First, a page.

National Agricultural Literacy Curriculum Matrix
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Nuts About Peanuts!
3 - 5
Students label the parts of a peanut plant on a diagram, follow step-by-step instructions to plant a peanut, and use a chart to record the growth of peanut plants.
- Peanut Plant activity sheet
- My Peanut Plant Growth Chart activity sheet
- Large, clear plastic drinking cups
- Small, round plastic or paper plates
- Sand or sandy loam soil
- 3-5 raw peanuts per student
- Note: These are available at health food stores. Peanuts that have been dry roasted or blanched will not sprout!
- Plastic spoons
- Permanent marker
- Paper towels
- Pen or pencil
- Several pots (12 inches in diameter) or a ten-gallon aquarium
Essential Files (maps, charts, pictures, or documents)
- Peanut Plant Activity Sheet Key
- Peanut Plant Activity Sheet
- My Peanut Plant Growth Chart Activity Sheet
peanut: a plant in the pea family that bears the peanut, which develops in pods that ripen underground and are widely cultivated, especially in the southern US
Did you know? (Ag Facts)
- Four of the top 10 candy bars manufactured in the USA contain peanuts or peanut butter.
- Peanuts are one of the star ingredients in a Snickers bar and each bar contains about 16 peanuts. About 100 tons of peanuts go into making the 15 million Snickers bars that are produced by Mars, Inc. every day.
- Peanut butter/peanut paste is the leading use of peanuts produced in the U.S. (1/2); followed by snack nuts and in-shells (1/4); and, candy and confections (1/4).
Background Agricultural Connections
Interest Approach – Engagement
- Ask your students if they can tell you what protein does for their bodies. Allow students to draw on their prior knowledge to recognize that protein helps build and repair muscles in their body.
- Ask your students, "What kind of foods contain lots of protein?" Students will likely list various meat products. Meat comes from animals and has an abundant supply of protein. Ask your students if they can think of a protein-rich food that comes from a plant. If students cannot guess, give them some or all of the following clues until they guess peanut butter:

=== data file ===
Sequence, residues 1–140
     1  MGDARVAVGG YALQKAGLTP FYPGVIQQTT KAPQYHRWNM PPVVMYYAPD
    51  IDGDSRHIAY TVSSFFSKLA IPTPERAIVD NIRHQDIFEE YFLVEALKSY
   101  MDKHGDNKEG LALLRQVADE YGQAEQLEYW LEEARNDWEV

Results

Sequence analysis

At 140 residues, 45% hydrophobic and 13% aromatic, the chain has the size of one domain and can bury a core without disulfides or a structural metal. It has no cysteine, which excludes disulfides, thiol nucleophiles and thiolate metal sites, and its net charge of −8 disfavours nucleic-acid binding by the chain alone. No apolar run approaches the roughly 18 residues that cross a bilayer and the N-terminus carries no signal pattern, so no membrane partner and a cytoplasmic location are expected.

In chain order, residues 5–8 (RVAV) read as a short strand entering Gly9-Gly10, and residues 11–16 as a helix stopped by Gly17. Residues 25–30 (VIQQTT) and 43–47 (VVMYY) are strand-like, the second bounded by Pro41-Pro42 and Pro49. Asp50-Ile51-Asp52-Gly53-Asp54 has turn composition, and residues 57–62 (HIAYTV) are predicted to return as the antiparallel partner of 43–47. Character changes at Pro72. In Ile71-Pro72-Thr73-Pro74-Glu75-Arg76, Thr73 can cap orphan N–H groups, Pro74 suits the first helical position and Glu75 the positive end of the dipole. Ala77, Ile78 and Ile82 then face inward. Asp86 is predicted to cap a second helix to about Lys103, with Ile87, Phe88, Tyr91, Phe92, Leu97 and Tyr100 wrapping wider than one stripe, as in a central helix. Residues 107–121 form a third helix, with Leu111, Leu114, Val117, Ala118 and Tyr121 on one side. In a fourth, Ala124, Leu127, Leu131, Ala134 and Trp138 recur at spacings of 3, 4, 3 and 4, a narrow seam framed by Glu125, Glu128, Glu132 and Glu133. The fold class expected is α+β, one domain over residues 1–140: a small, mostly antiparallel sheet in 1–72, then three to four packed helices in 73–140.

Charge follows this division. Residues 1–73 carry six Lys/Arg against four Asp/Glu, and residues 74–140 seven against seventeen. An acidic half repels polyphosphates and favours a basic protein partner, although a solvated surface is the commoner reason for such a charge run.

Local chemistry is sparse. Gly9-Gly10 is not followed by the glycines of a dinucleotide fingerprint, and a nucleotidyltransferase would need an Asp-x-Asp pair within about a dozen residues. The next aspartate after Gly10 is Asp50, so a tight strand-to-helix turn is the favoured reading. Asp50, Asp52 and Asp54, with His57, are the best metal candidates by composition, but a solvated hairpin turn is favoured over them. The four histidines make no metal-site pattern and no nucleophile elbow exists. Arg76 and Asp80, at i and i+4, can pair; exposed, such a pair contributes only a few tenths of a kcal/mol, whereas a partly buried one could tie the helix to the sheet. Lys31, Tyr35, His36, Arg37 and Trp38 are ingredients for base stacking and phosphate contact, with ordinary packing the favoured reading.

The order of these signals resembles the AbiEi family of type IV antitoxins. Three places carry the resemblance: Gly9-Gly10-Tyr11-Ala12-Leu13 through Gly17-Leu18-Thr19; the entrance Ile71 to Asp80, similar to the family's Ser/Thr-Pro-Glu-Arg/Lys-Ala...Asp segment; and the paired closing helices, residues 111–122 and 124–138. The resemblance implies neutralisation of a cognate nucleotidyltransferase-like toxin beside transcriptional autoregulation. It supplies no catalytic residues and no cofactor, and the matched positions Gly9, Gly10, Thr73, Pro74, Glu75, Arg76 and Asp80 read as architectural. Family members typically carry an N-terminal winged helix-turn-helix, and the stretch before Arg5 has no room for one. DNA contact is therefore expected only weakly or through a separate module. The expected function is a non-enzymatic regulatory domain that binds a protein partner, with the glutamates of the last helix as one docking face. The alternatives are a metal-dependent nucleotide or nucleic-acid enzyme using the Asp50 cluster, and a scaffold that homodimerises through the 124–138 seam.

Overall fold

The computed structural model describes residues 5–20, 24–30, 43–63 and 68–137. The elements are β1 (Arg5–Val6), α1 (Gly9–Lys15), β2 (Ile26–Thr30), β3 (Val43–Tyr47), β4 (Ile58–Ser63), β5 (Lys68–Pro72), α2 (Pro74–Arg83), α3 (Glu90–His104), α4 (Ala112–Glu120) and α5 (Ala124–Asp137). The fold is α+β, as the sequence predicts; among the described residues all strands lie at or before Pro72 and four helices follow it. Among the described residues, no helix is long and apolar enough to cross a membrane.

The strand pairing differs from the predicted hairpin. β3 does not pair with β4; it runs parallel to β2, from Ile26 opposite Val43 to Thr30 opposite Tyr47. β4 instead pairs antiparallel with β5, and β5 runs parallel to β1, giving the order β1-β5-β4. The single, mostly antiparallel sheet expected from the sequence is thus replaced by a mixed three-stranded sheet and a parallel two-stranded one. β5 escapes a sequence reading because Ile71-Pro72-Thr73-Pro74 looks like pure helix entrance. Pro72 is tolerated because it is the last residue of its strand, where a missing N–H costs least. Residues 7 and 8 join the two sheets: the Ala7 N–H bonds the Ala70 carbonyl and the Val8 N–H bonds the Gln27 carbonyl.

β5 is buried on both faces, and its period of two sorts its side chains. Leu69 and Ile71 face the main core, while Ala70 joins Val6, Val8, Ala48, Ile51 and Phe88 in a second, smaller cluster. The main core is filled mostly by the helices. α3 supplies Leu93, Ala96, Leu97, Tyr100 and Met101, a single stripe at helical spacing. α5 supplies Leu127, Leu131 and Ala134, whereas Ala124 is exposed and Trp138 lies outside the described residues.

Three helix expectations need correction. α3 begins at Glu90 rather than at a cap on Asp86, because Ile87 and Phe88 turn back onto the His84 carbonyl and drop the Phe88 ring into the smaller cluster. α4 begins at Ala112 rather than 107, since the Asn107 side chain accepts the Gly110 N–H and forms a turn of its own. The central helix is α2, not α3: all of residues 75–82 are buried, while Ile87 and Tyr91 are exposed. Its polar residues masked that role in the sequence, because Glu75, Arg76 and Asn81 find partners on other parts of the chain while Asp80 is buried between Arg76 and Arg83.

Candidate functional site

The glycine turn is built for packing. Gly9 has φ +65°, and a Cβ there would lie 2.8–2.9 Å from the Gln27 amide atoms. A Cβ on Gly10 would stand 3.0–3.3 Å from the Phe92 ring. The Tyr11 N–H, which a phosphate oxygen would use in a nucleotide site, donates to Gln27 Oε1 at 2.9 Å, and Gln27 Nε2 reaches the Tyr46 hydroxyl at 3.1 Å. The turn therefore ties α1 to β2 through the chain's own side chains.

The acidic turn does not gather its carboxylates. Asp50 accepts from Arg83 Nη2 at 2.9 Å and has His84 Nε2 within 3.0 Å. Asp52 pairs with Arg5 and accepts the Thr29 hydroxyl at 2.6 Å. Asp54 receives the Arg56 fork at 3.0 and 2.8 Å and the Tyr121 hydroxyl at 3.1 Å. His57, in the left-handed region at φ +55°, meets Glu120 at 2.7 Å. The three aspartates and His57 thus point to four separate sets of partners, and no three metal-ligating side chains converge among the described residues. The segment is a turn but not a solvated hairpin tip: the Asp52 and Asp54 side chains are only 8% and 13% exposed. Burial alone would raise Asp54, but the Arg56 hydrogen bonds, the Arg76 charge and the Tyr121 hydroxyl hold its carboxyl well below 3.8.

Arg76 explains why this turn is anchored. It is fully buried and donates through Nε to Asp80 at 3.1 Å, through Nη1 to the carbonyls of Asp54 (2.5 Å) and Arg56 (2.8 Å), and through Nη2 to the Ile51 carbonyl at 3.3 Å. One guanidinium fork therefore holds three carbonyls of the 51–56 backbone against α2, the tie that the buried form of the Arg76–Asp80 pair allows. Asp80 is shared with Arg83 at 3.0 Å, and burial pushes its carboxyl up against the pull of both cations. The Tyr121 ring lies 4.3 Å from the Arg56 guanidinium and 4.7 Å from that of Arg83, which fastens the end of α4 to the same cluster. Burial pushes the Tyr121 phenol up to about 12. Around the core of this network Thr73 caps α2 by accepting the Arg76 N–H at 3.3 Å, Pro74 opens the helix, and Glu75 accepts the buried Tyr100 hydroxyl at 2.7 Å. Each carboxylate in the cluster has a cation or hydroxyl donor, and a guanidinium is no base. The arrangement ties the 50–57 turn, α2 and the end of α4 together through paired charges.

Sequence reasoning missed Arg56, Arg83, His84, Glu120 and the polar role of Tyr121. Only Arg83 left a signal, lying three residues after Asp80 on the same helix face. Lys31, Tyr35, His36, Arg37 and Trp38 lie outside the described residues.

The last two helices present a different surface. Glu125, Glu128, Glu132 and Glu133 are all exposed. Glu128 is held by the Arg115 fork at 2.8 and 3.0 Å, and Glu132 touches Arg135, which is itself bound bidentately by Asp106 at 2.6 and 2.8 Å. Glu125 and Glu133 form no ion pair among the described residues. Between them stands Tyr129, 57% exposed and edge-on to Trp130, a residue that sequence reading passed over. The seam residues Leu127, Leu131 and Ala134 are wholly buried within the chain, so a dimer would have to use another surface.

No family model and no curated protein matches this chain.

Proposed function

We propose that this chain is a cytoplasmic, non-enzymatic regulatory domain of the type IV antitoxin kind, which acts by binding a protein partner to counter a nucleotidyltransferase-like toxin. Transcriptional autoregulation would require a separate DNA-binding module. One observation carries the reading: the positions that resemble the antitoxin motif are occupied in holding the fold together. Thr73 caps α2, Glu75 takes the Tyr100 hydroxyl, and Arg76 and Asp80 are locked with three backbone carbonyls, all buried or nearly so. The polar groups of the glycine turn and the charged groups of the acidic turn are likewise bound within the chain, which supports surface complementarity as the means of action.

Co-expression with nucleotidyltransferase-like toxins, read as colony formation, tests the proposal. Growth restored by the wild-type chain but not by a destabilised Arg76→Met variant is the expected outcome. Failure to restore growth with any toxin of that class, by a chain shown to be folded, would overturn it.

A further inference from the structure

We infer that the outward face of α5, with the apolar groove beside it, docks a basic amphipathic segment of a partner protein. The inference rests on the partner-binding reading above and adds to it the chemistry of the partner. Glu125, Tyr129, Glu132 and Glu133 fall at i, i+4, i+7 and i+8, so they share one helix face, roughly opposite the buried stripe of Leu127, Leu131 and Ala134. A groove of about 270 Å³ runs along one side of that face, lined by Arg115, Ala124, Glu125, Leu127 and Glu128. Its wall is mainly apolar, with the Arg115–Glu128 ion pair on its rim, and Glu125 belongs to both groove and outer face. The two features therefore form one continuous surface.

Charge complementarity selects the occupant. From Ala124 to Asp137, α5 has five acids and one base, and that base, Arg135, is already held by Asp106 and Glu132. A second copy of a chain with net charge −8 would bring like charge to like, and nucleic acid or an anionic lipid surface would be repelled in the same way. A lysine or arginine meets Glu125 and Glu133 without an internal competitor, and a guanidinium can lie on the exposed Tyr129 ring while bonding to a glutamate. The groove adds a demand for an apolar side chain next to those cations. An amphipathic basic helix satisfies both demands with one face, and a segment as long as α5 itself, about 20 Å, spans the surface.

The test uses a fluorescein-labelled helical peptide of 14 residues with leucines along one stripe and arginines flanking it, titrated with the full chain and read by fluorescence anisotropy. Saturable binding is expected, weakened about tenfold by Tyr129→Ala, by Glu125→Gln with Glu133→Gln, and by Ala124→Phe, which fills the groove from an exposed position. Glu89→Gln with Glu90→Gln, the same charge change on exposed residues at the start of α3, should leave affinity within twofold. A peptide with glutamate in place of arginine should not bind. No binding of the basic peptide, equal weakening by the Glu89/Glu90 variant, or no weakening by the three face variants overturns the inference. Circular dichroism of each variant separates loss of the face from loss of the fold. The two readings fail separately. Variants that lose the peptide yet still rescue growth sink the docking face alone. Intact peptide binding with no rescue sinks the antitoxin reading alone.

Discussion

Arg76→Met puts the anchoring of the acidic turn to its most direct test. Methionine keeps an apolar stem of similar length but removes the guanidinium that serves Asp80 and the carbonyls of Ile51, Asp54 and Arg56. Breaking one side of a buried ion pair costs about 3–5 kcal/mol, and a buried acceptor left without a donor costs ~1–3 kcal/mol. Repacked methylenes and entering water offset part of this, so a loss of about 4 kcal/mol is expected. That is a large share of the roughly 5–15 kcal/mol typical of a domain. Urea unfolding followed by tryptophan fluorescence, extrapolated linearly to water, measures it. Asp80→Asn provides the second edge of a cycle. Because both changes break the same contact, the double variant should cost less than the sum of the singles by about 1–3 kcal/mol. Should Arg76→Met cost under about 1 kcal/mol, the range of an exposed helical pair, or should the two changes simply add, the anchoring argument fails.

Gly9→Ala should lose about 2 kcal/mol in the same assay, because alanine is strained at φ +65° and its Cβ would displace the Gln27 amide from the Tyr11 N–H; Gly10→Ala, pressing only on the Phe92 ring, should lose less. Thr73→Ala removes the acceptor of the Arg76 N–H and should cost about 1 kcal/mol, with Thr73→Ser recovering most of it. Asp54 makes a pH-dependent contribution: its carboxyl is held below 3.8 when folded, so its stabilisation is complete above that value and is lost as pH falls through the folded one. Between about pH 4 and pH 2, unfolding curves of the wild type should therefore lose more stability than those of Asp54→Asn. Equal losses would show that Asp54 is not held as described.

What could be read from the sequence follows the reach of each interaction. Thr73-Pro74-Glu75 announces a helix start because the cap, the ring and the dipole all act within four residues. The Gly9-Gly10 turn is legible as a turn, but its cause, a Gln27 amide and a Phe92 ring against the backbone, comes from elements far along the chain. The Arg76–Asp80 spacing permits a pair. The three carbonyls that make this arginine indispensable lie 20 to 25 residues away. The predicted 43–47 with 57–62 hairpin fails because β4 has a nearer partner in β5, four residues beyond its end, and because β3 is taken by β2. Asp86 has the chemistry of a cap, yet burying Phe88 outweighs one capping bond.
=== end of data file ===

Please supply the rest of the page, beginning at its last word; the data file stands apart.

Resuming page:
- This food can be spread on bread.
- Many people like to eat it with apples, celery, or bananas.
- It is made by cooking and crushing a specific type of nut until it is a smooth and creamy texture.
- You can make a sandwich using this food, jelly, and bread.
- Explain to your students that peanut butter is a good source of protein in our diets. It is processed or made from peanuts. Today, your students are going to learn about the peanut!
- Read the information contained in the Background Agricultural Connections section of the lesson aloud to the students. Check student understanding by asking the assessment questions.
- Pass out the Peanut Plant activity sheet to students. As a group, label the parts of the peanut plant.
- Have the students follow these directions for planting peanut seeds. You may wish to demonstrate the steps as they follow along with their own cups. (Note: Peanut seeds should be soaked overnight before planting.)
- Get a cup. Write your name on it with a permanent marker.
- Make a small drainage hole in the bottom of your cup with a pen or pencil (with teacher’s help).
- Fill your cup with soil to within one inch of the top of the cup.
- Plant three to five peanuts about two inches deep in the soil. Press the soil firmly, but do not pack.
- Fold a paper towel into a square and moisten with water. Place the paper towel under the plastic cup.
- Then place your paper towel and cup on a paper or plastic plate.
- Place the cup and plate in a warm spot on a window sill.
- Record observations daily on “My Peanut Plant Growth” activity sheet.
- Keep plants in a warm room and expose them to as much direct sunlight as possible.
Questions for Investigation and Assessment:
- How do peanuts grow? (on a plant out of the ground and not on a tree)
- Describe what a peanut plant looks like. (green, ovalshaped leaves, plant about 18 inches tall)
- When does a farmer plant peanuts, and how long is the growing cycle? (plants in April or May; growing cycle is four to five months long)